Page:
July 26, 2012
Atlantic Sturgeon at Gray's Reef
Eight endangered Atlantic sturgeon have been detected by acoustic receivers deployed at Gray's Reef
National Marine Sanctuary.
The first sturgeon was detected in the sanctuary by the receivers just over a year ago. The sturgeon count now includes one fish that was originally tagged in the New York Bight by Keith Dunton with Stony Brook University; three tagged in Delaware by Dr. Dewayne Fox with Delaware State University; three tagged in Edisto, S.C. by Bill Post with South Carolina Department of Natural Resources; and one tagged in the Altamaha River by Daniel Erickson, previously with University of Miami Pew Institute for Ocean Science and now with the Oregon Department of Fish and Wildlife and Dr. Douglas Peterson, with the School of Forest Resources at the University of Georgia.
Endangered Atlantic Sturgeon.
(Photo: NOAA Fisheries)
Atlantic sturgeon are large (they can grow to 14 feet long and weigh 500 pounds), slow-growing,
late-maturing, long-lived, estuary-dependent fish that live the majority of their lives in saltwater,
but hatch and spawn in freshwater.
As a species, Atlantic sturgeons face many challenges to their survival. Sturgeon numbers have plummeted by as much as 99 percent in some areas of the East Coast, according to NOAA. On April 6, five distinct population segments of Atlantic sturgeon were protected under the Endangered Species Act. The Chesapeake Bay, New York Bight, Carolina, and South Atlantic populations of Atlantic sturgeon will be listed as endangered, while the Gulf of Maine population will be listed as threatened.
What the sturgeon are doing in Gray's Reef National Marine Sanctuary is not yet clear. But detecting eight individuals, many tagged north of Cape Hatteras, is remarkable because acoustic tagging projects generally have a much smaller sample size than conventional tagging, and the population of Atlantic sturgeon for tagging is quite small. It is also noteworthy that Atlantic sturgeons have never been previously reported from Gray's Reef, in spite of many thousands of man-hours of SCUBA dives and recreational fishing conducted there annually.
Some of the threats to sturgeon include shrinking freshwater wetlands, poor water quality, low oxygen levels and silt in their riverine nursery grounds. Juvenile sturgeon spend the first two to three years in the river in which they are born and they are intolerant of saltwater during that time, according to Dewayne Fox, Assistant Professor of Fisheries at Delaware State University. Increasing silt and salinity in rivers are ongoing threat to sturgeon survival, Fox said.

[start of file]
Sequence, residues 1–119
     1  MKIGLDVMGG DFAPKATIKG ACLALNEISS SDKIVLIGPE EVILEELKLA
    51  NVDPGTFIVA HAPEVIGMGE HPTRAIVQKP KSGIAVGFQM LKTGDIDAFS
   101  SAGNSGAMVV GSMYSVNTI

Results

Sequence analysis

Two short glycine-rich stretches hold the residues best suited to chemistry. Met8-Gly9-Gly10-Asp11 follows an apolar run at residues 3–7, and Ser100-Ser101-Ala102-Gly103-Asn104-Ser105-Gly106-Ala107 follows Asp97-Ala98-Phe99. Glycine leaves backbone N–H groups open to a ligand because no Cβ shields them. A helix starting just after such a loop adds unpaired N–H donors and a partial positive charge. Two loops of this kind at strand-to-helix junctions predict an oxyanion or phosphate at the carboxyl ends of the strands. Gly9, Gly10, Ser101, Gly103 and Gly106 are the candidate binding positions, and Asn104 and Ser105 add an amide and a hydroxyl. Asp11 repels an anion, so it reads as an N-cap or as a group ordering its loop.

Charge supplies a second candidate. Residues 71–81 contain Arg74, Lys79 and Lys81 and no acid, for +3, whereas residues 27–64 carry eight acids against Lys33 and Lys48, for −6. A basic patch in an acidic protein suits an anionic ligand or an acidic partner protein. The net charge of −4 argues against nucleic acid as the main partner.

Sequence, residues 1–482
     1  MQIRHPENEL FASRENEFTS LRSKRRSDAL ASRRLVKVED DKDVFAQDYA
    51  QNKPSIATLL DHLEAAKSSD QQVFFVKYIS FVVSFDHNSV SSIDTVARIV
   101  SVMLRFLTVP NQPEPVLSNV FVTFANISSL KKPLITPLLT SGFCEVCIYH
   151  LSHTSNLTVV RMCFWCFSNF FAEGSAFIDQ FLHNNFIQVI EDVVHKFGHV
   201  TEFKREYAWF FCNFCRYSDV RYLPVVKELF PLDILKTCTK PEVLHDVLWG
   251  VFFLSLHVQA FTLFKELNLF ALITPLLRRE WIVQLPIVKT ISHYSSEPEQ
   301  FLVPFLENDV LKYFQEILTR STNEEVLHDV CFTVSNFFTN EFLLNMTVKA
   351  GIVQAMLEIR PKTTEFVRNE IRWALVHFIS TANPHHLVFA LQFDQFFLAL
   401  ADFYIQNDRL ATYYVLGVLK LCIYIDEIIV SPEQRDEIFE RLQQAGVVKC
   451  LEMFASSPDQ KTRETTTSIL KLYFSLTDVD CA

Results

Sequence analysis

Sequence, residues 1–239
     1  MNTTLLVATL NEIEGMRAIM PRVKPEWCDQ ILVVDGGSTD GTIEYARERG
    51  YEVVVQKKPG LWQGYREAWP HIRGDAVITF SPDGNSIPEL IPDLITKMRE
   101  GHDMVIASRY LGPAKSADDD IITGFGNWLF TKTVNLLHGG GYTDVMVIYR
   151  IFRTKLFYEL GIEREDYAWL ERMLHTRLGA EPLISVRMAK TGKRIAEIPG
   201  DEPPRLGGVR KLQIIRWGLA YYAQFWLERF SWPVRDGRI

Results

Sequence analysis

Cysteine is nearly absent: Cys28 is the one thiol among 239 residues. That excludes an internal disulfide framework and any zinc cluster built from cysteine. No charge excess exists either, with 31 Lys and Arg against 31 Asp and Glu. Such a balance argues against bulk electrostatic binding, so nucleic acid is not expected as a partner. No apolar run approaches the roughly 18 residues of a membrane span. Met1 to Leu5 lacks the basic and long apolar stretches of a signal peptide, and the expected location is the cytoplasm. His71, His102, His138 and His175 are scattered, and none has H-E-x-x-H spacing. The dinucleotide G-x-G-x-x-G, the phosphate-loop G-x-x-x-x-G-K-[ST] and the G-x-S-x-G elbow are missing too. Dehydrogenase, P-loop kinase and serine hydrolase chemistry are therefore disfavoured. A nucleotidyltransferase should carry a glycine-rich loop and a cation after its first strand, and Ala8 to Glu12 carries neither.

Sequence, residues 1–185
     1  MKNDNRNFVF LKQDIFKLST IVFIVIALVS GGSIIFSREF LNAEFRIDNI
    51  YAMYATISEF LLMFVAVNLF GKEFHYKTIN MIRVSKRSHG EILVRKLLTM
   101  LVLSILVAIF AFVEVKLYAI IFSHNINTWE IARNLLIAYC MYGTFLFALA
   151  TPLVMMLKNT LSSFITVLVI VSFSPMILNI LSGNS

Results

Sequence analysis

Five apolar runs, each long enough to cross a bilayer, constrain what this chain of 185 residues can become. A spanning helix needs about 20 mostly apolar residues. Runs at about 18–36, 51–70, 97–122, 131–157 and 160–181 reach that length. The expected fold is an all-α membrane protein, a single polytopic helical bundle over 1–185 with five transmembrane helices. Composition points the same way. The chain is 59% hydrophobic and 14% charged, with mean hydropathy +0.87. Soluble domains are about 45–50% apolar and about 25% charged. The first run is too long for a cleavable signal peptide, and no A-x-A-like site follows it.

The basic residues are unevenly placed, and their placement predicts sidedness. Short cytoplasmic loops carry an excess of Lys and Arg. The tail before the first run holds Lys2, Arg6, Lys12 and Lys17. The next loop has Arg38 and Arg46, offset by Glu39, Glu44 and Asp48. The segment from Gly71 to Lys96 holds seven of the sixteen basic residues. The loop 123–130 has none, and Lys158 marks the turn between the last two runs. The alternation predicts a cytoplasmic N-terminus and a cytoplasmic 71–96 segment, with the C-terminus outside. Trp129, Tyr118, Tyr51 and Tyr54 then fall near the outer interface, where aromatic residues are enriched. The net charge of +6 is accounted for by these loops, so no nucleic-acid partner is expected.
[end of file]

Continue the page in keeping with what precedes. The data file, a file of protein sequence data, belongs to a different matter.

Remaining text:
The receivers that detected the sturgeon are part of an ongoing fish tagging project at Gray's Reef. An array of 21 recievers is deployed throughout the sanctuary and 41 fish that have been internally tagged by Gray's Reef including gag grouper, scamp and red snapper. The Gray's Reef fish tagging project is looking how these reef fish use the sanctuary habitat. The same company that makes tags used by the sanctuary makes tags used by several researchers studying sturgeon and other fish. So the Gray's Reef receivers can pick up "pings" from other tags that are not immediately identifiable by Gray's Reef researchers.
Gray's Reef scientists were able to identify these sturgeon visitors because of a cooperative effort to bring together researchers using acoustic telemetry to study fish movement. As researchers began utilizing acoustic telemetry technology more extensively along the eastern coast of the United States, the potential benefits of collaborating in order to share telemetry data from existing arrays beyond those in their own system became apparent. In response to this, a community of researchers was created to coordinate on the identification of detections of tagged organisms. Now, over 65 researchers from Maine to Florida participate in the Acoustic Cooperative Telemetry group (ACT). Currently there are over 5000 known transmitters deployed since 2004, with over 1000 deployed in 2010 alone. This corresponds to 49 identified species currently being studied along the east coast.
Based on these preliminary observations, it appears that Gray's Reef and other "live-bottom" reefs are an important habitat for Atlantic sturgeon, and they travel great distances to get there.
The Endangered Species Act includes a prohibition against "take," which includes harassing, harming, pursuing, wounding, killing, trapping, capturing, or collecting listed species. Gray's Reef will undertake outreach efforts to fishermen and divers who use Gray's Reef to alert those encountering this endangered species.
For more information on Atlantic sturgeon and those who study them:
NOAA National Marine Fisheries Service Species of Concern
NOAA Fisheries Office of Protected Resources
NOAA Fisheries Service Southeast Regional Office
NOAA Fisheries Service
Delaware State University - Aquatic Sciences